THE WINNERS! #TuesdayBookBlog #RBRT Bookreview team presents: The Gold & Silver 2016 Book Awards

The Winners!#RBRT Rosie’s Book Review Team presents: The Gold & Silver Rose Awards 2016



*Cough* … On behalf of my team, I’m delighted to announce the winners and runners-up in the #RBRT 2016 book awards!

Books were selected from the several hundred submitted to our team for review over the past year, with the 24 finalists voted for by the reviewing team. These finalists were then offered up to the public for voting. Congratulations to the 8 winners and runners up!

A click of the book’s title will take you to Goodreads, where you can see reviews, and also leads to the Amazon, etc, buy links.


Fantasy / SciFi/ Horror


Winner: The Prince’s Man by Deborah Jay



Runner-up: Passing Notes by D G Driver


Historical Fiction


Winner: The Elizabeth Papers by Jenetta James



Runner-Up: Back Home by Tom Williams


Mystery Thriller


Winner: On Lucky Shores by Kerry J Donovan



Runner-Up: Rack & Ruin  by Carol Hedges

Rack & Ruin (The Victorian Detectives  Book 4) by [Carol Hedges]



Winner: The Disobedient Wife by Annika M Stanley



Runner-Up: Scotch On The Rocks by Lizzie Lamb



Congratulations to all the following finalists:

The Black Orchid by Celine Jean-Jean

Blood Of The Sixth by K R Rowe

Flesh by Dylan J Morgan

The Final Virus by Carol Hedges

La Petite Boulain by G Lawrence

When Doves Fly by Lauren Gregory

Jasper by Tony Riches

The Code For Killing by William Savage

Trust Me I Lie by Louise Marley

Wings Of Mayhem by Sue Coletta

Murder at the Lighthouse by Frances Evesham

Trust Me by Earl Javorsky

What Jennifer Knows by Wendy Janes

The Bad Girl by L Donsky-Levine

Silent Water by Jan Ruth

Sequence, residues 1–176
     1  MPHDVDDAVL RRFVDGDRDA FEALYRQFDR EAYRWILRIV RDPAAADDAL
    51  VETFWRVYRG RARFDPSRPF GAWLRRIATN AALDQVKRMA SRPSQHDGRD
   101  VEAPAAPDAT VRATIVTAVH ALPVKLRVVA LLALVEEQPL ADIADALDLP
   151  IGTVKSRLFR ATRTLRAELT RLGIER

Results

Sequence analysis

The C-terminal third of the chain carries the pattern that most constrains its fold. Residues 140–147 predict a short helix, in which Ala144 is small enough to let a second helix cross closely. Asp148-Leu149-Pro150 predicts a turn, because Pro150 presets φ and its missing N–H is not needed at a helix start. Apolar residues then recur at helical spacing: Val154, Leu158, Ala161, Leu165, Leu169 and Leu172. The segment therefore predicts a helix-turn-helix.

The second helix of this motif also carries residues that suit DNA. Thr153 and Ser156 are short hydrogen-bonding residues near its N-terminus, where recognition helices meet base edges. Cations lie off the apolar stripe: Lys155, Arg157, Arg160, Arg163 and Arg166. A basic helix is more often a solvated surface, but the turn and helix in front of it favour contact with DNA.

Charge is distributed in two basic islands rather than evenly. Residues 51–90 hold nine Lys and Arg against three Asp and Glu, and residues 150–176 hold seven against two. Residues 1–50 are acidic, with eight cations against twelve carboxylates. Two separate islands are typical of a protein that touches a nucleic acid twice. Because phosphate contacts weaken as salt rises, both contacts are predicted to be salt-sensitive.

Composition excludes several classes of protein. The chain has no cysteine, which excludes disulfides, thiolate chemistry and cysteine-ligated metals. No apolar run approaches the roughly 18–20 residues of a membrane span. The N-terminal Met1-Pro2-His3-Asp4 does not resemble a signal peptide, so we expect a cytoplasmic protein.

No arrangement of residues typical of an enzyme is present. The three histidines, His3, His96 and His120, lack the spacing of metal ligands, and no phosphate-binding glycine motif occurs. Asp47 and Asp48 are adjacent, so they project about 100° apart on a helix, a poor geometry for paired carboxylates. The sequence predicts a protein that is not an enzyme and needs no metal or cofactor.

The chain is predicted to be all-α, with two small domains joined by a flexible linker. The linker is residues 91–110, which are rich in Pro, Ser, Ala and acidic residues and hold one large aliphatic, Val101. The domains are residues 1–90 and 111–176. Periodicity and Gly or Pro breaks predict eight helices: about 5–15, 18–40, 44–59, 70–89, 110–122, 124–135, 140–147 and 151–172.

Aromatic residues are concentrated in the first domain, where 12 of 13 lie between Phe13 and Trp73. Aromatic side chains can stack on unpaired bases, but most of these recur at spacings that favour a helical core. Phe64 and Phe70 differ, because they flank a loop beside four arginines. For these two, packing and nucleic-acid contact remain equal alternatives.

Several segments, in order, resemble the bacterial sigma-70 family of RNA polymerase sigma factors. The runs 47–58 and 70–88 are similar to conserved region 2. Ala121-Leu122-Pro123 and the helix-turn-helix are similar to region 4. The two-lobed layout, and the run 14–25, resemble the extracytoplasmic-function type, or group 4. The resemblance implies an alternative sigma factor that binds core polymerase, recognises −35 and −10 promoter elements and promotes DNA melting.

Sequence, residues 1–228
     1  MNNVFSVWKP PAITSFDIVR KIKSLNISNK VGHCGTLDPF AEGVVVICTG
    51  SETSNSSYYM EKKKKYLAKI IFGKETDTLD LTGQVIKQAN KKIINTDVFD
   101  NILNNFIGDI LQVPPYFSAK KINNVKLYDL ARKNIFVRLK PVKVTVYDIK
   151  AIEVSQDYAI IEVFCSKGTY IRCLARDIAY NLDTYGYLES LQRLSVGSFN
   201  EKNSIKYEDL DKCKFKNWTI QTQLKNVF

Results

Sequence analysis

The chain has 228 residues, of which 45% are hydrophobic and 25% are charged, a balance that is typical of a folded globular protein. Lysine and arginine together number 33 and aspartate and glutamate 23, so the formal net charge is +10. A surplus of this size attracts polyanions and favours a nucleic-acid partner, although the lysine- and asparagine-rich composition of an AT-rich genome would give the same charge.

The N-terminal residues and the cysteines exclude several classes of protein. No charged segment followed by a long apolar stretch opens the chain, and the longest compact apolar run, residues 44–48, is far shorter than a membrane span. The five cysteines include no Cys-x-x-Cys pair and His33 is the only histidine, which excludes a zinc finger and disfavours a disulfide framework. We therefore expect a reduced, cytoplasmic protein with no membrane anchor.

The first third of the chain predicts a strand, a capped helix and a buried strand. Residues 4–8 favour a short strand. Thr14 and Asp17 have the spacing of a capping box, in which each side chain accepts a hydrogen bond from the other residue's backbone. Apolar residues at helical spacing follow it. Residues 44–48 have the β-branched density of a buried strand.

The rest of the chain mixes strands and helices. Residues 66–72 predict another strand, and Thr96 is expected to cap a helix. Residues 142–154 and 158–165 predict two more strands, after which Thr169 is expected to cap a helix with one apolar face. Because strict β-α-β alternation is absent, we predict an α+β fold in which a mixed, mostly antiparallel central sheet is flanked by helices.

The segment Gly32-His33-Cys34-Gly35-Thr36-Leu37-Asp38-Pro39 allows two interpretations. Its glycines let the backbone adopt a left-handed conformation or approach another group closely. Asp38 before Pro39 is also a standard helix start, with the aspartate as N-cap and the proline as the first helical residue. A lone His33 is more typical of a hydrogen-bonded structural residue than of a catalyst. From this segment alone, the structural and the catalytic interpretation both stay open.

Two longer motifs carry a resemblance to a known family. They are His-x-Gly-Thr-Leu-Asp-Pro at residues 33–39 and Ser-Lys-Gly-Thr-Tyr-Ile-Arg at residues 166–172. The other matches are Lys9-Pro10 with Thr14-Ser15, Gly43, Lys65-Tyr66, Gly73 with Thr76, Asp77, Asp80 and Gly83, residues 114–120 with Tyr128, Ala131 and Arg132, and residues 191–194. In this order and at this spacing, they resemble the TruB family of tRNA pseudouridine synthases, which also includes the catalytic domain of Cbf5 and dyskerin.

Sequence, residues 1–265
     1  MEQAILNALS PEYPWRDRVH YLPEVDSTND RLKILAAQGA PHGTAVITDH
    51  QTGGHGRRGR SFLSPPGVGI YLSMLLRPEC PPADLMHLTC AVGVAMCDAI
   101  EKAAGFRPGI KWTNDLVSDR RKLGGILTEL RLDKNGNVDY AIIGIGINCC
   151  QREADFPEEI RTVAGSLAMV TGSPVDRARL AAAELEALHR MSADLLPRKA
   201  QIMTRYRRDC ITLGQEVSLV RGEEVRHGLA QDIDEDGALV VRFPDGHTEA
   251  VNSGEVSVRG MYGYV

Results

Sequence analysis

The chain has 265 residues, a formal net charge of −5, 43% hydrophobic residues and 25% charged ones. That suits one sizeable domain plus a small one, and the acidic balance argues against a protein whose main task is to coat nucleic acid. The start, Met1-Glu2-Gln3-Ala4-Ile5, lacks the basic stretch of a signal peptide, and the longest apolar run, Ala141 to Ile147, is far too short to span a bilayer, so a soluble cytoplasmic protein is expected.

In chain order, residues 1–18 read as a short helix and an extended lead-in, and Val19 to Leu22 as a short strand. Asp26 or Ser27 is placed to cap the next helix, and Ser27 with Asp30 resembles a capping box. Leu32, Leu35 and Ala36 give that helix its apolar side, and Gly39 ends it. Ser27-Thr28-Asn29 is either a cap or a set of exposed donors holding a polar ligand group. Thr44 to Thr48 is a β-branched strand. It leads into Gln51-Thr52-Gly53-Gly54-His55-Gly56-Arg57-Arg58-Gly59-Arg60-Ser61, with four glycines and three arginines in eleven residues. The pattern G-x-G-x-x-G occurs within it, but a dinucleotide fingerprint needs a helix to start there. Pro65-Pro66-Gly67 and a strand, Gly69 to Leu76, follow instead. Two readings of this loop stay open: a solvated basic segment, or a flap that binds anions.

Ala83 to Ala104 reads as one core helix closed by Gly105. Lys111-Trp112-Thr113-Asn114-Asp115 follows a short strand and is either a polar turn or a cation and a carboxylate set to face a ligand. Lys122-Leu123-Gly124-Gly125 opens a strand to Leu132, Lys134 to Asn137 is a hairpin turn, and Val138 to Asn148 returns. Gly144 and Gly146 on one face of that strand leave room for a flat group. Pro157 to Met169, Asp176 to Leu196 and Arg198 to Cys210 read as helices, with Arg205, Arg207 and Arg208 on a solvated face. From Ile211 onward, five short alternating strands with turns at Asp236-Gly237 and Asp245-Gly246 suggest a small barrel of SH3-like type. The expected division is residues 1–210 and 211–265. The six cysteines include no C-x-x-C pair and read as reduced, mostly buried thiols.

The Brazilian Husband by Rebecca Powell

Rosie’s #Bookreview Team #RBRT WHAT JENNIFER KNOWS by Wendy Janes @WendyProof

Today’s team review is from Judith, she blogs at

Rosie's Book Review team 1

Judith has been reading What Jennifer Knows by Wendy Janes


I gave What Jennifer Knows by Wendy Janes 5* out of 5*

I started off liking What Jennifer Knows by Wendy Janes; I finished the novel loving it.

To say this is an easy book to read could sound derogatorily, but, believe me, that is not what I mean; the author’s writing style is relaxed conversational and draws the reader in.  The story is told mainly in the first person from the protagonist’s point of view (which gives us an insight to her opinion and relationship with the other characters), but there is also omniscient narrator’s viewpoint from the other characters’ point of view. The clever use of texts between three of the characters, the flashbacks that reveal the protagonist’s past, are innovative and revealing.  It sounds complicated but it works so well.

The dialogue is true to each character and is skilfully handled, especially the internal dialogue of the character of Freya, a vulnerable young woman, susceptible to self-doubt and with a dread of returning to the mental unstable state she once found herself in – and of Jennifer’s friend, Abi, an outwardly confident career woman. And, as the story progresses, the initial portrayal of all the characters subtly changes as their personalities are truly revealed.  

The various settings are drawn with an economy of description, yet still give  a sense of place for the characters to move around in; the reader is given no doubt that this is a story placed slap bang in a Surrey community that is, in essence,an English upper middle-class society. And the small details, revealed mostly through the dialogue, show the amount of research the author has carried out to give a true sense of the era.

The various strands of the plot and sub-plots are shrewdly drawn together, each character sharing an almost equal portion of the story. By the end of the novel I felt as though I knew each character, their lives, and how they viewed the world and those around them.

 I finished the book with a sense of sadness; one that I had read the last page – always a good sign for any reader I suppose, and also a sense of sadness for the characters – so much did they seem to become real people. I’m not sure how I wanted it to end but …